A Look Inside the WHI: An Interview with Dr. Vivian Pinn

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Author: 
Vivian Pinn, former Director of the Office of Research on Women's Health, NIH
Date: 
Wed, July 11, 2012

 

To mark the 10th anniversary of the release of the Women's Health Initiative, MSNBC interviewed Dr. Vivian Pinn, the former Director of the Office of Research on Women's Health at the NIH. During this interview, Dr. Vinn described the Women's Health Initiative and how it changed the way medical science thinks about women's health:

"This was the first major opportunity to look at the health of women in the post-menopausal years and to determine, through a long-term randomized clinical trial, the validity of commonly used treatments to prevent the most common conditions that lead to mortality and morbidity of post-menopausal women.
One of the things we were told when the study was being designed was that it was difficult, if not impossible, to get women, especially ‘older’ women, to participate in clinical trials and research and that we would never be able to recruit that many women of post-menopausal age. [The study] really came at the beginning of current efforts to include large numbers of women in prevention studies, and the success of the recruitment helped to demonstrate that women are willing and even eager to be a part of research that may have its greatest benefits for generations to come. There had been relatively little research actually done on menopause and the post-menopausal years, especially long term studies on the menopausal transition.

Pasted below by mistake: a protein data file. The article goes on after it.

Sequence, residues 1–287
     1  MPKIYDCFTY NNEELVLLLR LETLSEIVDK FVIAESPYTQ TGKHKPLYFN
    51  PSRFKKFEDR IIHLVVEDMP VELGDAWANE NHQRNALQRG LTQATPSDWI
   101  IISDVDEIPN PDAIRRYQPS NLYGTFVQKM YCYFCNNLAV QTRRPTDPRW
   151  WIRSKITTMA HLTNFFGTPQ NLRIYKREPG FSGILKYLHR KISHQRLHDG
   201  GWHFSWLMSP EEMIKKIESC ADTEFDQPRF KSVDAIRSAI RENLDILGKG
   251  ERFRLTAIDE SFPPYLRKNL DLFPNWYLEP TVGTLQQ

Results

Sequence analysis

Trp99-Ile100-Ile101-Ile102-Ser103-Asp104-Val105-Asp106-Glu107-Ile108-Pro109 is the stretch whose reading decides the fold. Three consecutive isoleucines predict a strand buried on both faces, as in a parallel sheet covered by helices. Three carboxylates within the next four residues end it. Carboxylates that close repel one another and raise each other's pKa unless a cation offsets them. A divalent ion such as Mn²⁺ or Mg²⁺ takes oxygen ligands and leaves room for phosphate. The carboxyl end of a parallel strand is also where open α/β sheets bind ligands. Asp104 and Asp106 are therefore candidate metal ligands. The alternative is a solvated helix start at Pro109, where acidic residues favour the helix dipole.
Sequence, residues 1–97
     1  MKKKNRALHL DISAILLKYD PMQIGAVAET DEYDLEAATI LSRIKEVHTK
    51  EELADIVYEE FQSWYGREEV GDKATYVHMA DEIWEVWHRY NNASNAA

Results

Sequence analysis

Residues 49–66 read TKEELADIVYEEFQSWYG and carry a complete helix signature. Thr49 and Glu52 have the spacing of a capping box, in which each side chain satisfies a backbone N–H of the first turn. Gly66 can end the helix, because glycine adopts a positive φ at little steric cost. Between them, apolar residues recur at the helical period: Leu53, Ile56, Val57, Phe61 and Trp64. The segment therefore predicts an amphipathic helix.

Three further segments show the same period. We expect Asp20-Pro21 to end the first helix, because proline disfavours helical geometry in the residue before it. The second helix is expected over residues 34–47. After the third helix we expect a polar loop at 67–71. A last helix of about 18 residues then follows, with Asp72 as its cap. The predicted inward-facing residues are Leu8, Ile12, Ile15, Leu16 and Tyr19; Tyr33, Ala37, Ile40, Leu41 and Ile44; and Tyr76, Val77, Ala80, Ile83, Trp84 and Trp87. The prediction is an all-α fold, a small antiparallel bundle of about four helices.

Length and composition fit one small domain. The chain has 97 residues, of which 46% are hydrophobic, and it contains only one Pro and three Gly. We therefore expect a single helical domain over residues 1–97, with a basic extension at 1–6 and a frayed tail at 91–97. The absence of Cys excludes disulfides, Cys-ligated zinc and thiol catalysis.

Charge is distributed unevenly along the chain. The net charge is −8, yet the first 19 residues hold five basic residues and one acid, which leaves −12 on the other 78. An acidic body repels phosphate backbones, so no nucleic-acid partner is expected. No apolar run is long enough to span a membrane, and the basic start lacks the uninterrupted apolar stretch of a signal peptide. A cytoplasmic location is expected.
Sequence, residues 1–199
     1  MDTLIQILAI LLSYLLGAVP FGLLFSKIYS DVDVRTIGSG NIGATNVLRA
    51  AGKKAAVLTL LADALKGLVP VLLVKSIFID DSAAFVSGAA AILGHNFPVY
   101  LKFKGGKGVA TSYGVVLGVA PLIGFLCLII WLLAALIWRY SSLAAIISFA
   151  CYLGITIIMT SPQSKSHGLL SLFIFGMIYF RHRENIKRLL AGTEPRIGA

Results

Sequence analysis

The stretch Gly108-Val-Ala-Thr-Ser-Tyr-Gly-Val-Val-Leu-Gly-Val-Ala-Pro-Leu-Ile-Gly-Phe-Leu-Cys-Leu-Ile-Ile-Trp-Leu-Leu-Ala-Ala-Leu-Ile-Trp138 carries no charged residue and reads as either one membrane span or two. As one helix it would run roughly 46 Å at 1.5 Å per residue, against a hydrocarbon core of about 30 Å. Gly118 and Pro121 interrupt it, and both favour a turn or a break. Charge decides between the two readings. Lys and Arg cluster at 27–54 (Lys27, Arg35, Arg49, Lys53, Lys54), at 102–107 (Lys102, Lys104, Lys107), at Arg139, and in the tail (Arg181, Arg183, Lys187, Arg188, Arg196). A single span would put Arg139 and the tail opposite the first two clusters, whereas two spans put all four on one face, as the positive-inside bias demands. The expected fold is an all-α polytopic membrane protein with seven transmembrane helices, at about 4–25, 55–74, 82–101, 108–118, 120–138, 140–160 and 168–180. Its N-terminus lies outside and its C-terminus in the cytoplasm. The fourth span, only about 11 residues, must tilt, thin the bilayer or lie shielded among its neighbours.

Everyone had just assumed that using hormone therapy in post-menopausal women was important and valid. That was mainly because cardiovascular disease increases in post-menopausal women, and knowing that changes in blood vessels of women became more prominent after menopause when there was a decrease in estrogen levels, it seemed logical that giving estrogen to restore levels to those of the premenopausal state would then protect women from cardiovascular disease.

This study was actually designed to help us learn more about the traditional and commonly used methods to prevent the major causes of death and disability and frailty in older women, such as heart disease and stroke, cancer and fractures associated with osteoporosis, so we would know if what we as physicians were doing was scientifically appropriate. Even though women said they wanted hormone therapy for hot flashes, most physicians justified the use of hormone replacement therapy long-term on the basis of wanting to protect women from cardiovascular disease and osteoporosis.

Menopausal hormone therapy had been used for many years, but the WHI was the first long term randomized study of the risks and benefits of doing so. To have a long-term, randomized clinical trial – considered to be the “gold standard” of research -- that then showed the major basis of the practice we had been using was not valid was one of the most important and significant findings from the Women’s Health Initiative."

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